Wizarding photographs are like muggle photographs, but the figures within move or even, sometimes, leave. In order for photographs to be Wizarding photographs; that is, in order for them to move, the film from a fairly ordinary camera must be developed in a certain potion. Witches and wizards also like to keep their photos in attractive albums or scrapbooks, like the one Hagrid made for Harry with photos of the Potters. Photo subjects can leave the photographs, but it's unclear whether they can travel to other photos and communicate with their surroundings as portrait subjects can. For that reason, people in photographs seem more confined to the moment than those in paintings. A photograph (often just called a photo) is an image (or a representation of that on e. ...


Put-Outer

The Put-Outer is a device used by Albus Dumbledore to turn off the streetlights along a street at night. The Put-Outer makes two appearances: Professor Albus Percival Wulfric Brian Dumbledore is a fictional character in the Harry Potter series of books written by J. K. Rowling. ...

  • In Harry Potter and the Philosopher's Stone, Dumbledore uses the Put-Outer to darken Privet Drive, where the Dursley household is located. Dumbledore is expecting Rubeus Hagrid to transport the infant Harry Potter to Privet Drive, where Dumbledore will leave him at the Dursley household. Dumbledore's Put-Outer allows Hagrid to arrive with added security, which is necessary because Harry Potter's parents had just been murdered the night before.
  • In Harry Potter and the Order of the Phoenix, Dumbledore loans the Put-Outer to Mad-Eye Moody, who uses it when transporting Harry from the Dursleys' home to the headquarters of the Order of the Phoenix at #12 Grimmauld Place. The Order is a highly secret society which aims to thwart the evil Lord Voldemort. The Put-Outer again provides added security to (a) keep Harry Potter safe, as he is a highly valued target among Lord Voldemort's supporters, and (b) keep the Order's headquarters secret, because these headquarters are also a highly valued target.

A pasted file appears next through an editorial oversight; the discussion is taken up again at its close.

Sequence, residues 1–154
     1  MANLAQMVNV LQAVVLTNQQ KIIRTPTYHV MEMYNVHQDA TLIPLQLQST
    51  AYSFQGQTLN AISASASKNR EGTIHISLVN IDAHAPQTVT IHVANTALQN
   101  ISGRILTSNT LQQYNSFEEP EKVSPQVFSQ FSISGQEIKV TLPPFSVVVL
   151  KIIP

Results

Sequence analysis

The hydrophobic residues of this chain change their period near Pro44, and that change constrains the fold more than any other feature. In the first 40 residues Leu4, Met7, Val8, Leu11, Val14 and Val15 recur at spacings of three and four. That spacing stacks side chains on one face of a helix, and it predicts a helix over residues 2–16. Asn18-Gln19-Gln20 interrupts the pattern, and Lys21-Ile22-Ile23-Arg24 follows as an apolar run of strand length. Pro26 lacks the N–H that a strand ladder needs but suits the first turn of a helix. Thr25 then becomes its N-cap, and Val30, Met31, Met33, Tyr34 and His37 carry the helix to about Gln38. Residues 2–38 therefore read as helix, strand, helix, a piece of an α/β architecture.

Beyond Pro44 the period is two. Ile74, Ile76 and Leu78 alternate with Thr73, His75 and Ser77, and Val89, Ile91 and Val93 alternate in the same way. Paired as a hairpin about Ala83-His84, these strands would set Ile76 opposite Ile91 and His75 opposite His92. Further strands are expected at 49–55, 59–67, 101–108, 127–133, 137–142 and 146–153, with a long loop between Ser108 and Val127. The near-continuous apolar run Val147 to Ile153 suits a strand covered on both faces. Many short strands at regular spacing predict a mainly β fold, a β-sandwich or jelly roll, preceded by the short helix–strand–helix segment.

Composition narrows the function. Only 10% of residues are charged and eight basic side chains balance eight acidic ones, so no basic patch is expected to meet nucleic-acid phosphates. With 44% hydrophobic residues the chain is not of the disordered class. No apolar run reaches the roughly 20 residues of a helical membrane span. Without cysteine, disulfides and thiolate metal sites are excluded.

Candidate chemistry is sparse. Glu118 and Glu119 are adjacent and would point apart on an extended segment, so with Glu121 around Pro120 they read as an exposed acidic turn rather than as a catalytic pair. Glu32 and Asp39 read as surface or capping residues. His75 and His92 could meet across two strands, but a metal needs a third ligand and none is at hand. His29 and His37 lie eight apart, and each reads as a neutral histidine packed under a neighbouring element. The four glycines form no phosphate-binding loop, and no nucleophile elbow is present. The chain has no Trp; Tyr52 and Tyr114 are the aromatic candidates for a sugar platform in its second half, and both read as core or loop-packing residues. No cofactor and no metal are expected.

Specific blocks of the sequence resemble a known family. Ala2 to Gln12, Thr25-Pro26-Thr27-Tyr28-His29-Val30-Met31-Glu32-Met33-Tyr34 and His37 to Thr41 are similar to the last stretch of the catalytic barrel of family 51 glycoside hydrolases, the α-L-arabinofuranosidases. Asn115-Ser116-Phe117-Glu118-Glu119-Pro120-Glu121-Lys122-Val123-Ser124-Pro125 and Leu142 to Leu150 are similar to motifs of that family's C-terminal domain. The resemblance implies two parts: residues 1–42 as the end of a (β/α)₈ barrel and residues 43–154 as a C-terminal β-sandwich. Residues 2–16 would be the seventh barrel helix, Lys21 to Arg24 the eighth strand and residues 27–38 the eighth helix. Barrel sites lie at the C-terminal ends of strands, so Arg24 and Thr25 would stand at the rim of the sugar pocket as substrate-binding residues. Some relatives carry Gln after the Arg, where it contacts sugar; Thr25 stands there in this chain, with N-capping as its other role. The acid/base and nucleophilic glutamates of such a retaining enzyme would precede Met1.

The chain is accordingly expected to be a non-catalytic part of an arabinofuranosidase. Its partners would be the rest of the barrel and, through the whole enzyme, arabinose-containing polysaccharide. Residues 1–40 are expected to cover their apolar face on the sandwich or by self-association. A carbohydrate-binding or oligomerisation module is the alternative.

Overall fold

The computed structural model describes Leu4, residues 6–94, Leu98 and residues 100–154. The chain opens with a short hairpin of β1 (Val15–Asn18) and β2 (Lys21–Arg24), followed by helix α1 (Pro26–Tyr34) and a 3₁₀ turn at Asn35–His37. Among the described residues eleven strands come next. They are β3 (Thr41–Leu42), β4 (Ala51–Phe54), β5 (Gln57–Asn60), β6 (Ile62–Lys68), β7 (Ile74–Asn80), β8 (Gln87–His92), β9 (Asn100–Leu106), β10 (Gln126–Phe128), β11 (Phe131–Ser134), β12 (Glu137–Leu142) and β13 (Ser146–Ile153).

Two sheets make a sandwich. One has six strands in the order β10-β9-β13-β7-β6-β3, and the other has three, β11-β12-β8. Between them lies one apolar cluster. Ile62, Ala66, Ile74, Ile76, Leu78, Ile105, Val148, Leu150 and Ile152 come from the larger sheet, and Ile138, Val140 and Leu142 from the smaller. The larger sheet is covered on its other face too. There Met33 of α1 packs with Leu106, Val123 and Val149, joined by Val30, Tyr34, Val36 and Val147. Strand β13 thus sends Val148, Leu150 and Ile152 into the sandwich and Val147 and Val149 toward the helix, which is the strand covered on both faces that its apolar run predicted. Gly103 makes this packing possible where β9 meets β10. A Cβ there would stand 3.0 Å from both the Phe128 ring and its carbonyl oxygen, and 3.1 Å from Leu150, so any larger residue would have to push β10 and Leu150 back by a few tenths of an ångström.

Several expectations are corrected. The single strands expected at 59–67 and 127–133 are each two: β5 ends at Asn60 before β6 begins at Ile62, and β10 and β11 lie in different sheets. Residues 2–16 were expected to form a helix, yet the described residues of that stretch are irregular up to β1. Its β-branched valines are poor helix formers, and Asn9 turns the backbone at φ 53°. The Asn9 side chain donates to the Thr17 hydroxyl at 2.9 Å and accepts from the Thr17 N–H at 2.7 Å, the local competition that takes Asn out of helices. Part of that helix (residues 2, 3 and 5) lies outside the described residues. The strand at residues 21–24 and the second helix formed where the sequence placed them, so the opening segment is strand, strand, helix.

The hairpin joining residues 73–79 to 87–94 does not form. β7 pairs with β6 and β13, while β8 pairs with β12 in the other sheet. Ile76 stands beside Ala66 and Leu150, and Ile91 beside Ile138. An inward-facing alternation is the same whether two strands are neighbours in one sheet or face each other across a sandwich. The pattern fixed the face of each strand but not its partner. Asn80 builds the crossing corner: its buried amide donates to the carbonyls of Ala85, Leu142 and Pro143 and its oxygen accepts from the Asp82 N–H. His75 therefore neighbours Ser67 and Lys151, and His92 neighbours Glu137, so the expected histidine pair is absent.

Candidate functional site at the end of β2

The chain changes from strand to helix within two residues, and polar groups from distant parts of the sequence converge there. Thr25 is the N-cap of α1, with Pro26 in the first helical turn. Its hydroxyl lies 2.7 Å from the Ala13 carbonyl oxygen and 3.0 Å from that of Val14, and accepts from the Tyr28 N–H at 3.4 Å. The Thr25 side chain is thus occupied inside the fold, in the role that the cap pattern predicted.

Cover of the International edition, distributed in the United Kingdom, Australia, India and Canada Harry Potter and the Philosophers Stone is the first volume in a planned series of seven books for children written by British author J. K. Rowling, and featuring Harry Potter, a young wizard. ... Rubeus Hagrid (born December 6, c. ... Harry Potter and the Order of the Phoenix is a 2003 book, the fifth book in the Harry Potter series of childrens books by J. K. Rowling. ... Alastor Mad-Eye Moody is a fictional character in the Harry Potter series of books, an ex-Auror working for the Order of the Phoenix. ... The Order of the Phoenix is a fictional organization in the Harry Potter series of books by J. K. Rowling. ... Lord Voldemort (born December 31, 1926) is a fictional character and the archvillain in the Harry Potter series. ...

Quidditch equipment

There are several enchanted objects needed to play Quidditch, the most obvious being flying broomsticks. All the balls in the game are enchanted in some way. The Golden Snitch is enchanted to fly around and also to not leave the playing field. The Bludger is enchanted to fly around and try to knock players off their broomsticks. A Bludger does not focus on one player unless it has been tampered with, as was the case in Harry Potter and the Chamber of Secrets. The Quaffle may appear an exception, but it is also enchanted to make it easy to grip, and so it falls more slowly than normal. Quidditch is a fictional airborne ballgame played on broomsticks, a sort of magical variant of football or polo. ... Quidditch is a fictional airborne ballgame (played on broomsticks), a sort of magical variant of football or polo. ... Bludger is a derogatory Australian slang term for a lazy individual, particularly one who is perceived to receive undeserved welfare or material benefits. ... This article needs to be cleaned up to conform to a higher standard of quality. ... Quidditch is a fictional airborne ballgame (played on broomsticks), a sort of magical variant of football or polo. ...


Remembrall